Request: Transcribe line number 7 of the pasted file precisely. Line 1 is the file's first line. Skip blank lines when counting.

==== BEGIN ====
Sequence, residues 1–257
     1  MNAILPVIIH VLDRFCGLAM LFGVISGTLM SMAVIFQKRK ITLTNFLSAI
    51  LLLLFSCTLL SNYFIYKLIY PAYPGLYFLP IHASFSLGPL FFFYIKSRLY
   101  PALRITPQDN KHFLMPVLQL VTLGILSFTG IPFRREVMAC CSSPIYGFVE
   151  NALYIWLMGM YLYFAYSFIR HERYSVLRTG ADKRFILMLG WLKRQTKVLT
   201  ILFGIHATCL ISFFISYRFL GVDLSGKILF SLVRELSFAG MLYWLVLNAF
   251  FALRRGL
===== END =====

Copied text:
   251  FALRRGL